So, normally I don’t do sappy posts about how awesome my boyfriend is – but please forgive me this one time. And I know I’ve already talked about being diagnosed but this is a more positive side of things that happened over the course of the first three months.
This year I finally met my boyfriend’s parents. I say finally because we’ve been doing a bit of a tango for over three years now.
Three FREAKIN’ years.
We started dating back in the spring of 2012; three months later we broke up. Two months later we started hanging out. Then for the next year and a half (ish) it was a combination of hanging out, then trying to be friends, then going on non-date dinners – all the while I was falling more deeply in love with him. And for him, nothing had changed. He saw giving it another try as something that would crash and burn, hurting us more in the end.
Fast forward to March of 2014, March 28th to be exact when I was diagnosed with Acute Lymphoblastic Leukemia. I called him at 11 pm when I finally got my cell phone back, and he came over. He sat next to my hospital bed while my dad snored on the cot, he held my hand, and I felt safe again.
I was in the hospital for a little over a month receiving my first round of chemotherapy. He would visit at least once a week, spend the night, bring me chocolate and Gatorade, and cuddle me when I felt like I couldn’t go on. He told me I was beautiful the day after I shaved my head, a decision made because I couldn’t stand to see my hair covering the floor.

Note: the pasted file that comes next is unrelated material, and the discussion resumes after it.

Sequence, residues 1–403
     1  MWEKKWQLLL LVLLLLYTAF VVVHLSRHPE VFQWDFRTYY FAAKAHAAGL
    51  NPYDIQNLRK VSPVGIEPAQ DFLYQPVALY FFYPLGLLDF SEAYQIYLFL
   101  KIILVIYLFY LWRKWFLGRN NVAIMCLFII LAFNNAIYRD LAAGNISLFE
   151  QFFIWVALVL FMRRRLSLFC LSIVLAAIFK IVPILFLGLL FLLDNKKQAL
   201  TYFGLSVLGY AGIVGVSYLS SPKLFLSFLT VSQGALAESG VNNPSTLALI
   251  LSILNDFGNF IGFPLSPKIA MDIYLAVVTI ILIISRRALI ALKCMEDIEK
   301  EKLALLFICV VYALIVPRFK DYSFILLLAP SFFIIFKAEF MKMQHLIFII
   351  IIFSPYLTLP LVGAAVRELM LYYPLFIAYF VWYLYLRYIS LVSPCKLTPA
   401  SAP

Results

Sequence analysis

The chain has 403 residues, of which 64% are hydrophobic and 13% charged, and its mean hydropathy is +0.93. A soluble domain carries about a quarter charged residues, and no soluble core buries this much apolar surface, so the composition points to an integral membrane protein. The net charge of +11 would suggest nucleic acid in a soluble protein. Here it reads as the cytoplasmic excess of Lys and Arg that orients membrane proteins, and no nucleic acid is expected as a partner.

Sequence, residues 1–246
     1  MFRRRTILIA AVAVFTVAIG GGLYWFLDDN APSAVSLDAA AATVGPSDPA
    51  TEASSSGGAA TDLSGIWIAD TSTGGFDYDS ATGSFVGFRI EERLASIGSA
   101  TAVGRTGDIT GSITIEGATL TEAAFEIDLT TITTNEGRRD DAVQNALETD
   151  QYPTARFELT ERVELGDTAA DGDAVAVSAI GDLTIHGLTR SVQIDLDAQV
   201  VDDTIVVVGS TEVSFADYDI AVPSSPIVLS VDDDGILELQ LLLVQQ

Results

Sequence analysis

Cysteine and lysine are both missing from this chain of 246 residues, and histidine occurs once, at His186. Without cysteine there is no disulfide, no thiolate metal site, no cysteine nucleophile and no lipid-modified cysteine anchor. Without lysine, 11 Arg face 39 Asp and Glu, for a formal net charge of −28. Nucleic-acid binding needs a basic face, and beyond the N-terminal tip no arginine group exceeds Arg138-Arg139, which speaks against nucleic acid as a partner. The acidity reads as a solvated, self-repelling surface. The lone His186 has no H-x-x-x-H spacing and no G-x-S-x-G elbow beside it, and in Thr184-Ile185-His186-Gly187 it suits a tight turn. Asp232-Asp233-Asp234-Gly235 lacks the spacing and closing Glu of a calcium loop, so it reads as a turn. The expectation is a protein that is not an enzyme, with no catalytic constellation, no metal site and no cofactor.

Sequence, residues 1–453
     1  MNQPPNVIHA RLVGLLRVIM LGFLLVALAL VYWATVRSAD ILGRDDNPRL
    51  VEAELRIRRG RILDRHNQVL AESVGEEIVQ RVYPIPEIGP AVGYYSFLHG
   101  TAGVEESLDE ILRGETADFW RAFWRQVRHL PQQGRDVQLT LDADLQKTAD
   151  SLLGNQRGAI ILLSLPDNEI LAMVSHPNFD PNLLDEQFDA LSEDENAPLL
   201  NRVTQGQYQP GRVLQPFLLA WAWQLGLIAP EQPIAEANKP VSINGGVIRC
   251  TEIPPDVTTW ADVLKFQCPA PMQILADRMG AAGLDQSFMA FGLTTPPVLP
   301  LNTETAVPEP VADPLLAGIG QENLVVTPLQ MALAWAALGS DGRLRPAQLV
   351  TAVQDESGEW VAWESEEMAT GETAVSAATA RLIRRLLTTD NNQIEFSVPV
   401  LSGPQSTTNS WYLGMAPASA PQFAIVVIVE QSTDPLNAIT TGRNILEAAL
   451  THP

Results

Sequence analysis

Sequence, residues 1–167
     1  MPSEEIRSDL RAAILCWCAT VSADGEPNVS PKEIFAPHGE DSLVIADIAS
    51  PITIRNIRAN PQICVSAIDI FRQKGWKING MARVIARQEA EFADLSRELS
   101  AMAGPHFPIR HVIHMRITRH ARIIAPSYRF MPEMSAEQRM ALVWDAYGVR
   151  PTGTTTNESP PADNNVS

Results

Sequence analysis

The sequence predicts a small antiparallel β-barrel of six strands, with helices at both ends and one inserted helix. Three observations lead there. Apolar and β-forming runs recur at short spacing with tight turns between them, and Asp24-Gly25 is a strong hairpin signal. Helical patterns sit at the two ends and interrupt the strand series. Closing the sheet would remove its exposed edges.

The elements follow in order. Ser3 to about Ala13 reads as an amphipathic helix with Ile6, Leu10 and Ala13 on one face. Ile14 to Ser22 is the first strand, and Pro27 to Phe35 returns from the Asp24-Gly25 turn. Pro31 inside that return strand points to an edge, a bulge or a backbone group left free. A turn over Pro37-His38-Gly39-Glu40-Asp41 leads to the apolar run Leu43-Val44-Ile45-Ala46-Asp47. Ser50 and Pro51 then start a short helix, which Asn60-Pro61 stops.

Early on I tried to give him a way out. I told him just because I was sick, it didn’t mean he needed to be there – his life didn’t have to stop just because mine did. But he stayed.
The following months after I was released from hospital prison we got closer – so close that we finally had “ the talk” – a talk I had been dreading out of fear that he would want out. The talk where I told him this was it – either we really put everything in and try again, or nothing. After two agonizing days he came over to tell me he wanted to make it work.
The next month he met my entire family, I met his close friends, and he cleared out a drawer for me – well, half a drawer. And then, he told me “I love you.”
Maybe I’m an exception to the rule – maybe holding out for someone doesn’t always work this way. But I do know that I’m happier than I’ve ever been, that I couldn’t imagine a future without him, and that when you ask people to step up to the plate they do.
Since being diagnosed I’ve seen how quickly life can change; how you won’t always get a chance to say the things you’ve wanted to. You can’t expect someone to know what you want – after all, we aren’t a team of mind-reading superheroes. But, if you speak your mind and ask someone to step up, chances are what you see just may surprise you in a wonderful way.